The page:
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We undertake creative pursuits such as writing, acting, drawing, or dancing simply because we enjoy them. Intuitively, we know that creativity is good for us, and our creative passions make us happy. But what does science have to say about the benefits of creativity?
Some pursue creative activities as a hobby and some do it for a living, but no matter what road we’ve taken to unleash our imaginations and need for free self-expression, it’s pretty clear that making things is part and parcel of being human.
We have been creating since prehistoric times: more than 39,900 years ago, our ancestors left some of their first marks — the outlines of their hands and crude drawings of animals — on the walls of caves.
We could go as far as to say that our need to create things is in our blood; this has served us well over the course of time, as we have learned to create tools and shelters, cook food, make medicines for various ailments, and set bones.
Sometimes, however, we have created things just for the sake of it. It could be said, as Oscar Wilde infamously proclaimed in The Picture of Dorian Gray, that “all art is quite useless.” But is it, really? (I sometimes wish I could tap Mr. Wilde on the shoulder and ask him, “Well, if art is so useless, why did you write so assiduously?”)
Aside from any philosophical arguments that may be brought to the contrary, a lot of research in the medical field has actually suggested that art — and, more specifically, being creative — is, in fact, quite useful for our mental and physical well-being.
Below, we look at some of the benefits that creative endeavors — from writing to dancing — can bring us, and we encourage you to incorporate even more creativity into your own life.
Drawing, painting, or molding objects from clay has been scientifically proven to help people to deal with different kinds of trauma. In a comprehensive article on The Connection Between Art, Healing, and Public Health, Heather L. Stuckey and Jeremy Nobel say that “[a]rt helps people express experiences that are too difficult to put into words, such as a diagnosis of cancer.”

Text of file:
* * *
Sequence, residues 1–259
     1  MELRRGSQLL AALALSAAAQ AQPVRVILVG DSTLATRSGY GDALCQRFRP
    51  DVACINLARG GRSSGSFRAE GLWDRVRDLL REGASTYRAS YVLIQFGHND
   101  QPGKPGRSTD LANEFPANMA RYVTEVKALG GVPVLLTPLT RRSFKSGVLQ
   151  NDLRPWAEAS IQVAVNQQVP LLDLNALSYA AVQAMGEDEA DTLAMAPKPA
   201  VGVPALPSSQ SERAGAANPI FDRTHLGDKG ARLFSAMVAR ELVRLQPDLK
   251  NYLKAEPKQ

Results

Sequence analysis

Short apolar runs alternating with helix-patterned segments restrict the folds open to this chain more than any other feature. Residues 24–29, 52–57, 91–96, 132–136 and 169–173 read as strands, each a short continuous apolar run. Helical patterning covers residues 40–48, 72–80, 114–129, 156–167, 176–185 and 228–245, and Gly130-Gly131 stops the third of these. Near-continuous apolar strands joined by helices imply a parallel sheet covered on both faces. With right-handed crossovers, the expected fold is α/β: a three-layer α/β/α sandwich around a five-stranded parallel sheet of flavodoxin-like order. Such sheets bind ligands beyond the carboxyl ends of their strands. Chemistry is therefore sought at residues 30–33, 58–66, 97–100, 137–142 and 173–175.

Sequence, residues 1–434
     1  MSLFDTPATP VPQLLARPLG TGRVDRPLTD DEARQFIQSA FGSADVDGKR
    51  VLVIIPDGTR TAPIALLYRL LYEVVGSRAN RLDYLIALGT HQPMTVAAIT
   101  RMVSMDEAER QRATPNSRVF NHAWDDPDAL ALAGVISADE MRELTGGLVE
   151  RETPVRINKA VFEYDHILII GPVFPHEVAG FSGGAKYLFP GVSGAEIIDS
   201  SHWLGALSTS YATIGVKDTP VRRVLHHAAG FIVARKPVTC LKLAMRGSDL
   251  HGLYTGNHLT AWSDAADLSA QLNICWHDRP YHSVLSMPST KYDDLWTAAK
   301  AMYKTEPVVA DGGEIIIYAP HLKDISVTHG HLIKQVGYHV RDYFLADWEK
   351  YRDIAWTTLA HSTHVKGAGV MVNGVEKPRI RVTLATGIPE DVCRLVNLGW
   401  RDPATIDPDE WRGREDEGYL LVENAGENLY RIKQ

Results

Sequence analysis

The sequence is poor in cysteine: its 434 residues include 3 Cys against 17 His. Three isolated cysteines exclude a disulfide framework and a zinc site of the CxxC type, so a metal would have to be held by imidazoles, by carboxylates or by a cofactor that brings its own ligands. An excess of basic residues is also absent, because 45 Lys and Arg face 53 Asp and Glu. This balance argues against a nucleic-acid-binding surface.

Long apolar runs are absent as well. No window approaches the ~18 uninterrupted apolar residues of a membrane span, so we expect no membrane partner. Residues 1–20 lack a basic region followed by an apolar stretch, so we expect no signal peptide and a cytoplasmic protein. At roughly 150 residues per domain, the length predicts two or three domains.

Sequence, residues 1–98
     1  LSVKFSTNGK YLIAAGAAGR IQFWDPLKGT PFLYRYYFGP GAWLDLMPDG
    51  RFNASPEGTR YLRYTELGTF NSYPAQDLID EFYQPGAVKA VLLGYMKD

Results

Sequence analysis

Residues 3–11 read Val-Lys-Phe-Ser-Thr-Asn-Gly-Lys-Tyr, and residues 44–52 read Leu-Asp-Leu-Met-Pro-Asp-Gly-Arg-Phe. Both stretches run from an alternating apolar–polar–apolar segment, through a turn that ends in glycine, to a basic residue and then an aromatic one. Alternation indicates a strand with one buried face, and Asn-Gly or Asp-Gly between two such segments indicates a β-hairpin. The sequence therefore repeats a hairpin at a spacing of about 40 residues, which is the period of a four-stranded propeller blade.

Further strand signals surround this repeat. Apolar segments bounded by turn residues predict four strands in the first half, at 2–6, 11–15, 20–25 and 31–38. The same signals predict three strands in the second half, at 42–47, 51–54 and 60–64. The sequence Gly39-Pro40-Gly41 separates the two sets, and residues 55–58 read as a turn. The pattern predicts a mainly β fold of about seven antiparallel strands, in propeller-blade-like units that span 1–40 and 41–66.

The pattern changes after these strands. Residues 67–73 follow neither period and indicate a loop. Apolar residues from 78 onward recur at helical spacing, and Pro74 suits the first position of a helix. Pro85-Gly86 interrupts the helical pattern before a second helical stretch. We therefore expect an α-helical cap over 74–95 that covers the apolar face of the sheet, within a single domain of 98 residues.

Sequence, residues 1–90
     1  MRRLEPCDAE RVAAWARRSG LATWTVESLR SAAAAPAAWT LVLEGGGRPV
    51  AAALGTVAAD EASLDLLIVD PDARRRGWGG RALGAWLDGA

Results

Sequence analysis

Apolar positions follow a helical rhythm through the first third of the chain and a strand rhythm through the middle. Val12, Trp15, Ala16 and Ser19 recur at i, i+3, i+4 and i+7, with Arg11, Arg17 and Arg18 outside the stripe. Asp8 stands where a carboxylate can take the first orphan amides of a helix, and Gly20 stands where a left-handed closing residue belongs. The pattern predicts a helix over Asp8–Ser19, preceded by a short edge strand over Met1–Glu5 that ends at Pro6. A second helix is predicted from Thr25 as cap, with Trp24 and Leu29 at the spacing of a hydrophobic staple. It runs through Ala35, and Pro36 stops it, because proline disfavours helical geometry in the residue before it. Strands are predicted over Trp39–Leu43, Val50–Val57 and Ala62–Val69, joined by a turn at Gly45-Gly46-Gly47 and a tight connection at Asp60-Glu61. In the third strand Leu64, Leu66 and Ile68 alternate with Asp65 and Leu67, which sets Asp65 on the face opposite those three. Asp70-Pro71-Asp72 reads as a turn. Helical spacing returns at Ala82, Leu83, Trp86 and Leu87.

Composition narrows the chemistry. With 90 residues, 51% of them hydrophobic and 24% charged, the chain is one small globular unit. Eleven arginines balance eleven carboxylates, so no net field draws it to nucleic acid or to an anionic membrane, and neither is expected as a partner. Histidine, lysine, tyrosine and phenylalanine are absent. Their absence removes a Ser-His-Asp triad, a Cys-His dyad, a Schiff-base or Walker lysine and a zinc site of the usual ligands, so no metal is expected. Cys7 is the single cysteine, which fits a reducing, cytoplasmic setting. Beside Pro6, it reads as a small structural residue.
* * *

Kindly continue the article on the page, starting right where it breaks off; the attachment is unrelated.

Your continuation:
“[A]rtistic self-expression,” they continue, “might contribute to maintenance or reconstruction of a positive identity.”
A number of studies have also found that writing — expressive writing, in particular, which requires participants to narrate an event and explain how it affected them — can help people to overcome trauma and manage negative emotions.
In much the same way as visual expression, this type of writing allows people to take negative situations that cannot be changed and integrate them into their life’s story, creating meaning for events that left indelible marks — such as a medical diagnosis, a loved one’s death, or a violent experience.
One qualitative study that interviewed male survivors of childhood abuse found that asking them to write about their traumatic experiences allowed them — in conjunction with specialized trauma therapy — to make sense of the trauma in deeply personal ways.
‘Immediate impact’ vs. ‘long-term benefits’
Immediately after writing down one’s experiences, the writer might feel an increase in negative emotions as they recall bad incidents. However, the long-term effects are positive, say Karen A. Baikie and Kay Wilhelm, the authors of a review of studies that focused on expressive writing.
“The immediate impact of expressive writing is usually a short-term increase in distress, negative mood, and physical symptoms, and a decrease in positive mood compared with controls,” they write, adding:
“However, at longer-term follow-up, many studies have continued to find evidence of health benefits in terms of objectively assessed outcomes, self-reported physical health outcomes, and self-reported emotional health outcomes.”
Expressive writing doesn’t just help with trauma and negative emotions. A 2001 study found that asking people to write about positive experiences and about “the best self” that they wanted to develop in the future was also associated with an increased sense of psychological well-being.